Cedars-Sinai Medical Center is calling it a misunderstanding. Medical experts are calling it something else.
"I consider it a serious mistake to have made," said Richard Semelka from the University of North Carolina.
More than 200 elderly patients who underwent CT brain scans used to diagnose strokes received eight times the proper dose of radiation.
Hospital officials say the mistake occurred in February of last year when it changed the protocol for the scan. That meant overriding pre-programmed instructions on the machine, which is when officials say the error occurred.
"My ballpark estimate is that these individuals have a one in 100 chance of developing cancer," Semelka said.
The error went unnoticed for 18 months until a patient reported losing his hair after a scan.
Cedars later found out that 40 percent of the patients suffered hair loss after the scans.
The FDA is now alerting all hospitals to check their protocols.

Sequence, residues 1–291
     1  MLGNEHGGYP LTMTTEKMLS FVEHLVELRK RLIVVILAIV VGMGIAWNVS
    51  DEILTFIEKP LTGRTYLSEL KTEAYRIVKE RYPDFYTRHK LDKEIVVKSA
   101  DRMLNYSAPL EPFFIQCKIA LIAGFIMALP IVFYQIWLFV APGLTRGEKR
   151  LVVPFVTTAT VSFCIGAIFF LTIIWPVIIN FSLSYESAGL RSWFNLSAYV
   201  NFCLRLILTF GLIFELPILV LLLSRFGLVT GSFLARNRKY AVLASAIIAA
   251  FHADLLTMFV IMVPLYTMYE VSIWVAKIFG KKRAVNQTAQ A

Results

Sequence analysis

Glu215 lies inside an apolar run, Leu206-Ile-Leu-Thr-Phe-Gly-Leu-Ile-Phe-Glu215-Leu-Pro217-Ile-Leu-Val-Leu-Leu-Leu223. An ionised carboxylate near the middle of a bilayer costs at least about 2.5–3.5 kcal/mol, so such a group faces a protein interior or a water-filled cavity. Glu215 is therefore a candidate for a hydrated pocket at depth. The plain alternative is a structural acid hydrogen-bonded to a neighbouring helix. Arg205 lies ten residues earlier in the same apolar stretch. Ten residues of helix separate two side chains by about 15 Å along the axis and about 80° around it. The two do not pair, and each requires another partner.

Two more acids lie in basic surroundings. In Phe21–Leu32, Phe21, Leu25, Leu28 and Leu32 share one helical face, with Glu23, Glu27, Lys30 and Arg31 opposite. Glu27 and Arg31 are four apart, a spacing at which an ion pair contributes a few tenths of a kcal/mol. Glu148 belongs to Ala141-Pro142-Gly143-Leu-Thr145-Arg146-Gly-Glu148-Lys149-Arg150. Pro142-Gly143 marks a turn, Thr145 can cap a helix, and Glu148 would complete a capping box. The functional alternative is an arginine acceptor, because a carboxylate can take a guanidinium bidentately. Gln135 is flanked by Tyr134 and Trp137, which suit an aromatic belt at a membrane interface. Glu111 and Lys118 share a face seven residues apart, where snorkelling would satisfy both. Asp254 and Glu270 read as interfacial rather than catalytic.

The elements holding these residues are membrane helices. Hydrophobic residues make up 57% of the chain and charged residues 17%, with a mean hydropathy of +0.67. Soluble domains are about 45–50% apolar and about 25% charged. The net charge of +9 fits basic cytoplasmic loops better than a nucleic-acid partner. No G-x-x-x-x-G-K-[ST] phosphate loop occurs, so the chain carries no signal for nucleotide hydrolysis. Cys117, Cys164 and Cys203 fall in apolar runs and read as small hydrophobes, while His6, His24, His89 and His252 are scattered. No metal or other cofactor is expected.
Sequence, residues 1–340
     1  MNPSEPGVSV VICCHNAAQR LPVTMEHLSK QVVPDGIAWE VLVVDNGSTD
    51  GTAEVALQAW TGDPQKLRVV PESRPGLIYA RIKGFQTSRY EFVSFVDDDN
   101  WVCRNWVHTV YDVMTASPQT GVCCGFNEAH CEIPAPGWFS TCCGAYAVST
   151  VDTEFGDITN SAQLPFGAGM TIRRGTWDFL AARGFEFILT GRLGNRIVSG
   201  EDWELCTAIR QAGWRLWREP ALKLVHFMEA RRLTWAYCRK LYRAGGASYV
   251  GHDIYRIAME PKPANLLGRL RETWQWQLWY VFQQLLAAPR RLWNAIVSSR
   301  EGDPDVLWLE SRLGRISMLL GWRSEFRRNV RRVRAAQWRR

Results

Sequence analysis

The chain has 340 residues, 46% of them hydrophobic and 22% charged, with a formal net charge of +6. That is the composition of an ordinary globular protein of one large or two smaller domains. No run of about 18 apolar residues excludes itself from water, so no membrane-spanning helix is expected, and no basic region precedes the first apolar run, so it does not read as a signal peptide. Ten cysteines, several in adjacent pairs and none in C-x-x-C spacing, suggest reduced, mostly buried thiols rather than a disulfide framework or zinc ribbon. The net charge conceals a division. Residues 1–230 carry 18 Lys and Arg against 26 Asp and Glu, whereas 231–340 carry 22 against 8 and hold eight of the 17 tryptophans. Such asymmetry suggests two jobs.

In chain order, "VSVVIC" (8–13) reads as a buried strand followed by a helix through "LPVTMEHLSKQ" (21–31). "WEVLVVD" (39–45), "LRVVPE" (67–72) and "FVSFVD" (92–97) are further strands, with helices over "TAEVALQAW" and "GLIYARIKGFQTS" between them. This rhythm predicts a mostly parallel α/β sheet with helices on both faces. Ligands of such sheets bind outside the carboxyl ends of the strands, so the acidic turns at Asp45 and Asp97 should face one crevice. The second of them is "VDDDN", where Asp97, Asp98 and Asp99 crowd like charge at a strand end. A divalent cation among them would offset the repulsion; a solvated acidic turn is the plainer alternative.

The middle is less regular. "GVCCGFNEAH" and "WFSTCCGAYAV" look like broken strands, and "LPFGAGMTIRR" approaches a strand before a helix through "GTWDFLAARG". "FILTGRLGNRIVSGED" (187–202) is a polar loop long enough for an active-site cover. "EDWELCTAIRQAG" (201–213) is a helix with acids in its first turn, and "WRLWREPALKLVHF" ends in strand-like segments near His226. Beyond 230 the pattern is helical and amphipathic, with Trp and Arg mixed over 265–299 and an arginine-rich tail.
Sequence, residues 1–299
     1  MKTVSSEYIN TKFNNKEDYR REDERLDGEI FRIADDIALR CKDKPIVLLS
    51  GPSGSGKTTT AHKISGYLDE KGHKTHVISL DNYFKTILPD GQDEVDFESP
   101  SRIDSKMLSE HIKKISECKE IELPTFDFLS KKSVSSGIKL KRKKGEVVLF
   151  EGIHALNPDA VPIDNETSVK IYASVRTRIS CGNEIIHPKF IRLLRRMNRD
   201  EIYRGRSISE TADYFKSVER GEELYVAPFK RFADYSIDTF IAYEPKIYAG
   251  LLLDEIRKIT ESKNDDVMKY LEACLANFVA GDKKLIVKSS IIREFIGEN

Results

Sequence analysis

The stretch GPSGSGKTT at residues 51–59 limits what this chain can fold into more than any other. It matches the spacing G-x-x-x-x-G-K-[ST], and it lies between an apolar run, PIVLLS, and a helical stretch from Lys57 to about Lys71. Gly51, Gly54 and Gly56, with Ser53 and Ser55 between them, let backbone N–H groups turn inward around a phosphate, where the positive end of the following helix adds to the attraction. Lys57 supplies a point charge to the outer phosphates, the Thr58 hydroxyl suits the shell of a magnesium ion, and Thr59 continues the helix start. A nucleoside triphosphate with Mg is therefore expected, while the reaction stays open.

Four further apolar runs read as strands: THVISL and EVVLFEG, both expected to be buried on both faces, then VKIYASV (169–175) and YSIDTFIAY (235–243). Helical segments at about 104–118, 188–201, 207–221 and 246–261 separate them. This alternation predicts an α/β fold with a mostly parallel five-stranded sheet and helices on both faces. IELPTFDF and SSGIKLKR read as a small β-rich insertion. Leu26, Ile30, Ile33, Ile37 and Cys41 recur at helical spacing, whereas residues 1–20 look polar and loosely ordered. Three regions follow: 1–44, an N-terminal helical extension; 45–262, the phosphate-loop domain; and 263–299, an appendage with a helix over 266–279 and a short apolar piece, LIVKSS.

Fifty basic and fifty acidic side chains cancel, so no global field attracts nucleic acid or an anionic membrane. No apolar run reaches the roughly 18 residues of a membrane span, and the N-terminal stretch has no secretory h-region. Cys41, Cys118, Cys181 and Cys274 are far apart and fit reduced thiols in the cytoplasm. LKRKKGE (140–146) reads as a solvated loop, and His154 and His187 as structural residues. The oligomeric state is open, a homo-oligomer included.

Medical experts say this type of mistake could happen anywhere.
"Close to 100,000 people each year die due to medical errors," said ABC News Health and Medical Editor Dr. Richard Besser. "And many of those are preventable."
In a statement, Cedars-Sinai says they immediately reported its findings to the appropriate government agencies and has now changed its safety procedures.
The FDA is also looking at whether manufacturers of CT scanners should install some type of alarm on their systems as an added safeguard.
An outside expert says the fact that patients received eight to ten times the normal dose for a head CT scan means they probably reached their allowable radiation exposure for the whole year just in a single test.